Mother Nature can be mean for sure. I knew an accountant who inherited a lovely riverfront home, in the neighborhood of an old lead mine. Historic home, known locally for its long history of very eccentric occupants. He went so hare-brained crazy they had to put him in an asylum. The relatives took over the place, tried to sell it and found out the well water was so contaminated by lead, they couldn’t give the house away. Net losses of about five million dollars and one man’s freedom and sanity.
This sounds dumb I have never heard of mining for lead..but then there are millions of things I haven't heard of...:O)
Now mining/panning for gold is something I would like to do..on my bucket list but am too old to do it now...Always wanted to hire some old prospector and a mule in Alaska, grub stake him for the summer and have him take me out panning for gold.. Have gone diamond mining in Arkansas, but didn't find any diamonds...Arkansas has the only diamond area, state park that you can go and dig for diamonds...over the years some big one's have been found. The big canary diamond Hilliary Clinton wore to the inaugural ball is a diamond found at the diamond mine state park...If you find one, they will buy it off you on the spot. You take all the minerals/stones you find to their expert and they will tell you what you have.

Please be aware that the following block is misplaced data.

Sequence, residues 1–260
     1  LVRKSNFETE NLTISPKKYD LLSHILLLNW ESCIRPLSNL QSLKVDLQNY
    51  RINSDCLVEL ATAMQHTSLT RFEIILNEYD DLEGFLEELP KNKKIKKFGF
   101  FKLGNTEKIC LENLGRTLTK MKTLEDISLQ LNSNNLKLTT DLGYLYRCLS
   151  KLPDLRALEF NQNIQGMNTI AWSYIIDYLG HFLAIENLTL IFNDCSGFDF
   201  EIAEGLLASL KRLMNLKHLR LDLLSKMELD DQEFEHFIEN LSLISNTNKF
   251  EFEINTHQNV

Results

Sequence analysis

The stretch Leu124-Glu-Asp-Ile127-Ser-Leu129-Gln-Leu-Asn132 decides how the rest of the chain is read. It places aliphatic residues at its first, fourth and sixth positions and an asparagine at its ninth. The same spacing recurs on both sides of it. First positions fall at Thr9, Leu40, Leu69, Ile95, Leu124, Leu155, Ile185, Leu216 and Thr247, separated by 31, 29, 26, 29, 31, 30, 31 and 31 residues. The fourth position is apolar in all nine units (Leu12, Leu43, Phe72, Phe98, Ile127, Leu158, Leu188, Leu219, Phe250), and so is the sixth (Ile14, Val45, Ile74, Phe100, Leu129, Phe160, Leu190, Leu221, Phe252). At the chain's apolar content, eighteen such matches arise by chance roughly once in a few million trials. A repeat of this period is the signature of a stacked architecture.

Spot on the stuff is all over the place.If people knew what was in their carpet’s they would know why their eyes burn sometimes.
Products in the home have many chemicals in them.
Better living through chemistry DuPont says.
Meryl Streep weeps!
How hard would it be for companies to decore an apple before pressing it?
When the English colonized the Atlantic seaboard, one of the first things the settlers did was look for and mine lead. They'd melt them down to make these:
I know someone whose naturapath prescribed ARSENIC to cure her carpal tunnel syndrome....and, yes, it did. They said, taking it totally out of the water creates a situation where you do not get ENOUGH.